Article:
For example, in OrangePi it is possible to connect to the console, without a dedicated monitor. You just have to buy a ttl-> usb adapter and connect 3 wires to the pins.
watch this:

consider that a ttl-usb adapter costs 3 or 4 $ and is valid for all orangepi demo boards

If you have a raspberry demo board, instead you have to use the serial port as explained here:

Look for the brand and model of your demo -board, and see what is the method to connect to the console without a monitor connected to the video output.

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I actually read about that before but what I read said windows will identify the Linux partition and give up before it sees the one it can read which doesn't really help. Going to install Linux.

I can not help you in windows, why I stopped with windowsNT4 in 1998 or 1999 I think, I do not remember.

Anyway there are tutorials on youtube in all the languages that explain it and I remember that ubuntu 18.04 LTS is able to resize the windows partition automatically during the installation, to make enough space for linux.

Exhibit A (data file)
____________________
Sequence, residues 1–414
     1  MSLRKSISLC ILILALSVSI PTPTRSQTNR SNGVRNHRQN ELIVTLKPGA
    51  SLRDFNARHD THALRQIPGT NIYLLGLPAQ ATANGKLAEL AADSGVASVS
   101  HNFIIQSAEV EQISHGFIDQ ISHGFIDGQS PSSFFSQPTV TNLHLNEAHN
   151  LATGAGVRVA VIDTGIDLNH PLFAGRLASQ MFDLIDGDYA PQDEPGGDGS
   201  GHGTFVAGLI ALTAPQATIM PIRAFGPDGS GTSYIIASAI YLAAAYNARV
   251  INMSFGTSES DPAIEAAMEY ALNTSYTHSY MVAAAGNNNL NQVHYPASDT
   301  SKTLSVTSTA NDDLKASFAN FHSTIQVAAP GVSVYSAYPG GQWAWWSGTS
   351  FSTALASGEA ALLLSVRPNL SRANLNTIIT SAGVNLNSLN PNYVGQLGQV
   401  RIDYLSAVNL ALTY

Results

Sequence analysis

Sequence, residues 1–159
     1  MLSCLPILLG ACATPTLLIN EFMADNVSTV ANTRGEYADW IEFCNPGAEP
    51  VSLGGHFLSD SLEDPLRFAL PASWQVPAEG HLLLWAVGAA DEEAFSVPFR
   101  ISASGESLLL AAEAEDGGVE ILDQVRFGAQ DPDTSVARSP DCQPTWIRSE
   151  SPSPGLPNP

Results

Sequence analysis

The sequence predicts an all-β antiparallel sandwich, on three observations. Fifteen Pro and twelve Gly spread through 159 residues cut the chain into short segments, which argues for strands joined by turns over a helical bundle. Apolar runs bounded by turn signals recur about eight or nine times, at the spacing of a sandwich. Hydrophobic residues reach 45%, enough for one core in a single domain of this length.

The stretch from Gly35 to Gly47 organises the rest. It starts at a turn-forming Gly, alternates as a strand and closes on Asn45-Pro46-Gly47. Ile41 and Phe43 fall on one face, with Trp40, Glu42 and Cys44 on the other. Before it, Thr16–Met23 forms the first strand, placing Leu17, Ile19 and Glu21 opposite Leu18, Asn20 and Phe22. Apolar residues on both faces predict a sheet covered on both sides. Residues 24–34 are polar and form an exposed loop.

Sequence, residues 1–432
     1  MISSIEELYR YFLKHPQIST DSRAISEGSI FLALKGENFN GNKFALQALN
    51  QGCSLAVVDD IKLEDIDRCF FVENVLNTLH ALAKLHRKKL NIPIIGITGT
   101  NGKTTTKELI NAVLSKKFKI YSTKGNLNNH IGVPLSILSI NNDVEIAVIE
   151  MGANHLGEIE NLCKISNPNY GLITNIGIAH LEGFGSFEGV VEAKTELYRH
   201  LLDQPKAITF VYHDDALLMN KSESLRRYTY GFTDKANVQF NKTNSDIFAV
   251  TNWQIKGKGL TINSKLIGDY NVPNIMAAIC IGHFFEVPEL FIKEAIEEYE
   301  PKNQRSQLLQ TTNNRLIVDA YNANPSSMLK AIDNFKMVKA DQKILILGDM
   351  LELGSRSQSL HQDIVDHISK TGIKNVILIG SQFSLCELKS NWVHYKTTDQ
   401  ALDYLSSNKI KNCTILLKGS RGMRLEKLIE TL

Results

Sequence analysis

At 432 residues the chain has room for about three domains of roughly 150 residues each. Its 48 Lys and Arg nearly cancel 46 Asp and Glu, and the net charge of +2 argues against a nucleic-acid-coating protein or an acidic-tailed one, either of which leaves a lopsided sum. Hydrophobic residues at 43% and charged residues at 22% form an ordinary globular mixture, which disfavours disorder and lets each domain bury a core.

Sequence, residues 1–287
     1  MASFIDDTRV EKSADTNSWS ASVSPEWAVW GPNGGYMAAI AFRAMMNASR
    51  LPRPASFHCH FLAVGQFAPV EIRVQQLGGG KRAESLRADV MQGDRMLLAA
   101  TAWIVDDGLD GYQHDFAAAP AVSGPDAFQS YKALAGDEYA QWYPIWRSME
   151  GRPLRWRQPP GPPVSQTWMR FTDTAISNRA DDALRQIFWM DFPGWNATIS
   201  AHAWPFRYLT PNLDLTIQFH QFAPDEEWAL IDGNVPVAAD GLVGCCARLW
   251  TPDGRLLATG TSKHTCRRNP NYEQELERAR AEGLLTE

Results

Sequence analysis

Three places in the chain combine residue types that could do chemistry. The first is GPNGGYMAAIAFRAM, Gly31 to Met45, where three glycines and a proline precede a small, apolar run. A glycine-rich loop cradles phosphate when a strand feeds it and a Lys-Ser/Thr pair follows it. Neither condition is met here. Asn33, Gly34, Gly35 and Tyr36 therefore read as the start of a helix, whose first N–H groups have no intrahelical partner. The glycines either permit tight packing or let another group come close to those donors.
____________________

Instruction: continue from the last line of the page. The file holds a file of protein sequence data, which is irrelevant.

And this has been happening for many years.

Once install linux, to boot in windows, when you turn on the computer, press the shift key until the menu appears, where you can choose which operating system will start. it is simple.

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There's a good chance I will need it in the future. I'm not unfamiliar with dual-boot systems so I don't see it being too much of an issue.

This is good to know, thank you.

You really don't need to. Either a Windows-based computer or a macOS-based computer can read the first partition on the microSD card which is where you'd be doing the editing.